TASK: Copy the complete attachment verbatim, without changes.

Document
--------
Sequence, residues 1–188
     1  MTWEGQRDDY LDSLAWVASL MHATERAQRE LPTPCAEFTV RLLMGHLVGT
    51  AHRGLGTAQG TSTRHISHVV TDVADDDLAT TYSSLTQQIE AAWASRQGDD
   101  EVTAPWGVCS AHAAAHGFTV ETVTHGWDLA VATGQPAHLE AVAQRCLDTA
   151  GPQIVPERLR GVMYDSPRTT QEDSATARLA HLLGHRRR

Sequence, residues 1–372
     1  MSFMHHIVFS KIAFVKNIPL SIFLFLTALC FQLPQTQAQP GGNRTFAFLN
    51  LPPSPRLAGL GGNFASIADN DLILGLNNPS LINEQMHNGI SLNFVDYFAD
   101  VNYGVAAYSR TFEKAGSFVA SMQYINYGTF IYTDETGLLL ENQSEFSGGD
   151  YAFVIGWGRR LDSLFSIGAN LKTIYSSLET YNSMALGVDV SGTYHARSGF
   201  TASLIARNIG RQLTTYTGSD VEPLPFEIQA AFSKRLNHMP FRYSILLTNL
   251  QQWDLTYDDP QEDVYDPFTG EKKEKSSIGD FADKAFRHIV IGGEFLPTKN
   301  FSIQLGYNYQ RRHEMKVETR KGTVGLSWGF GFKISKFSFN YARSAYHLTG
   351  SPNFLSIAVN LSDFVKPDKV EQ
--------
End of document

Sequence, residues 1–188
     1  MTWEGQRDDY LDSLAWVASL MHATERAQRE LPTPCAEFTV RLLMGHLVGT
    51  AHRGLGTAQG TSTRHISHVV TDVADDDLAT TYSSLTQQIE AAWASRQGDD
   101  EVTAPWGVCS AHAAAHGFTV ETVTHGWDLA VATGQPAHLE AVAQRCLDTA
   151  GPQIVPERLR GVMYDSPRTT QEDSATARLA HLLGHRRR

Sequence, residues 1–372
     1  MSFMHHIVFS KIAFVKNIPL SIFLFLTALC FQLPQTQAQP GGNRTFAFLN
    51  LPPSPRLAGL GGNFASIADN DLILGLNNPS LINEQMHNGI SLNFVDYFAD
   101  VNYGVAAYSR TFEKAGSFVA SMQYINYGTF IYTDETGLLL ENQSEFSGGD
   151  YAFVIGWGRR LDSLFSIGAN LKTIYSSLET YNSMALGVDV SGTYHARSGF
   201  TASLIARNIG RQLTTYTGSD VEPLPFEIQA AFSKRLNHMP FRYSILLTNL
   251  QQWDLTYDDP QEDVYDPFTG EKKEKSSIGD FADKAFRHIV IGGEFLPTKN
   301  FSIQLGYNYQ RRHEMKVETR KGTVGLSWGF GFKISKFSFN YARSAYHLTG
   351  SPNFLSIAVN LSDFVKPDKV EQ